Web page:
The Tigers rarely get rave reviews for the talent level in their minor league system, mostly because they’re not afraid to spin off top prospects for major league-ready stars.
See Miguel Cabrera, Doug Fister, etc.
So, today’s unveiling of Keith Law’s organizational rankings by ESPN hardly triggered shockwaves in the Comerica Park front offices. He has Detroit checking in at No. 24, one spot ahead of Philadelphia. (Both of those teams, of course, are sexy picks to make the 2012 World Series.)
The Tigers have less depth than the Phillies, but have two potential stars (Nick Castellanos and Jacob Turner) with pretty good probability up top.
The Tigers never really seem to care much about this stuff. General manager Dave Dombrowski has criticized rankings like this in the past, suggesting analysts rarely get a good look at the entire system before forming their opinions. And he has a point. Few folks, that I can recall, were screaming into the megaphone about the likes of Alex Avila and Brennan Boesch a few years back; now, they are cornerstones of the ballclub.
(For what it’s worth, Dombrowski e-mailed me on this topic today: “I do not have any comments on these rating systems.” Then, he commented — a bit: “We have many quality prospects that we like.”)
Still, it’s worth looking through rankings like this — especially from Law, a widely respected talent evaluator. The Harvard grad used to work for the Blue Jays before landing at ESPN. This offseason, the Astros interviewed him for a front-office job.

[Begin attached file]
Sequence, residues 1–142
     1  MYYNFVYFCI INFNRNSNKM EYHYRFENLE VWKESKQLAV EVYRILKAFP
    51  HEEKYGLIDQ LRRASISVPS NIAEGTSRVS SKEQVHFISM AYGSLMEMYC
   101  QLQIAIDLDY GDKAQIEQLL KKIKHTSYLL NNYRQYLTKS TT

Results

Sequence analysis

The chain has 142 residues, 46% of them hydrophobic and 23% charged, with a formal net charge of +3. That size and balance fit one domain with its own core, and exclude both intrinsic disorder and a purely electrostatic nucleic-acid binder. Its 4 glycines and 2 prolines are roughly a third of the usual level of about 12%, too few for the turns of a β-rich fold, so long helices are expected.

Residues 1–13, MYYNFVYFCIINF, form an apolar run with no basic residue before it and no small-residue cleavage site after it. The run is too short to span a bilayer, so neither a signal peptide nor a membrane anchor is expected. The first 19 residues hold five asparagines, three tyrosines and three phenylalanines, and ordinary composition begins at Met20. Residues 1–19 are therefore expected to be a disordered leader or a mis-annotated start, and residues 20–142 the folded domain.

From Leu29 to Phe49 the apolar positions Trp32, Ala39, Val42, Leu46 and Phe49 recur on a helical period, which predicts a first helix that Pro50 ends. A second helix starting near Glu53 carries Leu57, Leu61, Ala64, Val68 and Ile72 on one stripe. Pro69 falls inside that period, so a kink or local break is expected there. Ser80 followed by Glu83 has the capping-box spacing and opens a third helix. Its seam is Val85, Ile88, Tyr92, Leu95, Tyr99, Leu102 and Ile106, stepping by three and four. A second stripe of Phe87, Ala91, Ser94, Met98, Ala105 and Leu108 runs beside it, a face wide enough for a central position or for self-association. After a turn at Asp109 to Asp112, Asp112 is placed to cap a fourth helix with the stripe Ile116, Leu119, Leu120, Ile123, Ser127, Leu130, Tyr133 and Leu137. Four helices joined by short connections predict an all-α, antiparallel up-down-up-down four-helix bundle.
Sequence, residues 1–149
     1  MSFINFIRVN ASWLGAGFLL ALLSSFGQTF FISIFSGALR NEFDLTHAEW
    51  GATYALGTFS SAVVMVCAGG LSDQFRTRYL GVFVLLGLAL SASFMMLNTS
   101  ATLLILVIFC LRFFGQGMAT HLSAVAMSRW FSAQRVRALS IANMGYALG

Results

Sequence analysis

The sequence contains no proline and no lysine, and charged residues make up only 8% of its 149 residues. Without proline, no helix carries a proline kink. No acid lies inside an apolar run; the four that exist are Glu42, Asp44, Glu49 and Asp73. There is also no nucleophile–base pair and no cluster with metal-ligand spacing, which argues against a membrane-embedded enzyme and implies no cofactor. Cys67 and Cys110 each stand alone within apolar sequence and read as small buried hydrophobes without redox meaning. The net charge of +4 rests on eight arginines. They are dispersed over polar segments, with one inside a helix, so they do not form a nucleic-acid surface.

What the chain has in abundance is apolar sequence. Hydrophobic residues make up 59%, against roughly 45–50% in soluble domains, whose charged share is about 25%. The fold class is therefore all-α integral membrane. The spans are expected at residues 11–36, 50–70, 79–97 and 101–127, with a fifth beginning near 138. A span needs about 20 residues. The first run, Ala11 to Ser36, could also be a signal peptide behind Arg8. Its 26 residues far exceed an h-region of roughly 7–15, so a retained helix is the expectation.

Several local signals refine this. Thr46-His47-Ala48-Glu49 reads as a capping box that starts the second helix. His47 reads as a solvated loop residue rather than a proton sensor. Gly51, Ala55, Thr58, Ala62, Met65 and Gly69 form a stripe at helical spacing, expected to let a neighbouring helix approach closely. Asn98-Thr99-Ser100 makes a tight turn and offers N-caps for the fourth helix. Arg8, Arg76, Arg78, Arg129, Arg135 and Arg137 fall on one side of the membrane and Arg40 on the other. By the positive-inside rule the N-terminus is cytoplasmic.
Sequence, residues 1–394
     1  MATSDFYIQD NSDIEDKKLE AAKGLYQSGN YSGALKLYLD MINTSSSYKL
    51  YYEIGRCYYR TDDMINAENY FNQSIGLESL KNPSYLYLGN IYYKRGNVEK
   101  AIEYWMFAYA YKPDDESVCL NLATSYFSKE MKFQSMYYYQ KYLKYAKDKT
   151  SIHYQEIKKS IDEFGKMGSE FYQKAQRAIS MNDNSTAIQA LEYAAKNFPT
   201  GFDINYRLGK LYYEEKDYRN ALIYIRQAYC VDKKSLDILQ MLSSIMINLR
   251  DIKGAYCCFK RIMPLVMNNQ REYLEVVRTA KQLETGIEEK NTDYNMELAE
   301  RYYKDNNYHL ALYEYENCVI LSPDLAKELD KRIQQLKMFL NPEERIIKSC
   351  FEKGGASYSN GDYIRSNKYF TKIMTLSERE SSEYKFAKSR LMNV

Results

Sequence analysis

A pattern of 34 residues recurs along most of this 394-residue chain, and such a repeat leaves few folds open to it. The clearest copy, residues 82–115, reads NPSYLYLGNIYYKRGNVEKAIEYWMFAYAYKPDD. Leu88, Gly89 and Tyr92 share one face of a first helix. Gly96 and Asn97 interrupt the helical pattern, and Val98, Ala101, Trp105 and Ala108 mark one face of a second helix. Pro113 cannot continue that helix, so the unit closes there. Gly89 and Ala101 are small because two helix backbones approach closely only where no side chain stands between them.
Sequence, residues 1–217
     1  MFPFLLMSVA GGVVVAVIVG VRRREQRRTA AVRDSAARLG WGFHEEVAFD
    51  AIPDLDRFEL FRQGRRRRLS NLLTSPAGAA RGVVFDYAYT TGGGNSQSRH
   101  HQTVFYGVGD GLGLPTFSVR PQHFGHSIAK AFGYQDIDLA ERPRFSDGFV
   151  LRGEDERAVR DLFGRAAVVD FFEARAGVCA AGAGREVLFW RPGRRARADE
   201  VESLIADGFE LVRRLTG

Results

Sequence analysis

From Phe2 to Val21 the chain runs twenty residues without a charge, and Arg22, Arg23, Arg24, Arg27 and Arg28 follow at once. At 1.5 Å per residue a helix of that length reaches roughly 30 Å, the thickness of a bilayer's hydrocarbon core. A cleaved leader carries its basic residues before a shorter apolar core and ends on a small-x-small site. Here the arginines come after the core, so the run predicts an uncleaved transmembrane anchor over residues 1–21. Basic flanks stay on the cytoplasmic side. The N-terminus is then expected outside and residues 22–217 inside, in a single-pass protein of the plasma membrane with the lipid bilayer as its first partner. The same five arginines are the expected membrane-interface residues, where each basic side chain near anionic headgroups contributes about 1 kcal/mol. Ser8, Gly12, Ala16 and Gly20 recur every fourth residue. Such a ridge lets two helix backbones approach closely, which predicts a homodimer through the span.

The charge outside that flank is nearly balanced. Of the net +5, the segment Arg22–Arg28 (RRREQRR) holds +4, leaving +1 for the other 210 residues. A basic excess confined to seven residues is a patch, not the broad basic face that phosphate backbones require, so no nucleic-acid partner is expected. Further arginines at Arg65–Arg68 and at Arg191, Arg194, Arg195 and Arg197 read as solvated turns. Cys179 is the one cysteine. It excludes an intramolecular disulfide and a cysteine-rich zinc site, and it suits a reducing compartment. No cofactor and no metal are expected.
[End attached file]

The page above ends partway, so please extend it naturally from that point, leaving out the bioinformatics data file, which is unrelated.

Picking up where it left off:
There is some good news, here. The Tigers did jump one spot in Law’s rankings, from No. 25 in 2011. He ranked the system No. 17 in 2010, and No. 28 in 2009. In short, he hasn’t though much of the Tigers’ organizational chain lately.
It’s not likely to get much better, at least in the eyes of experts, in the coming years, either. The 2012 draft will be their third in a row without a first-round pick, the price they’ve paid to sign closer Jose Valverde, DH Victor Martinez and first baseman Prince Fielder the last three winters.
That said, Law does like the Tigers’ system better than a pair of their American League Central rivals, including one — the Indians — that surprisingly gave Detroit run for the money much of last season.
The Indians are ranked No. 29 because, Law said, they now have “very little above low Class A,” while the White Sox are dead last at No. 30, “And they’re not particularly close to No. 29, either.” There’s your answer to the question: Why are the White Sox in rebuilding mode?
The Padres, Rays, Blue Jays, Cardinals and Royals are Law’s top five. The other AL Central team, the Twins, are ranked No. 14. Here are Law’s complete rankings (Insider subscription required).
Law’s list of the top 100 prospects is due out Thursday.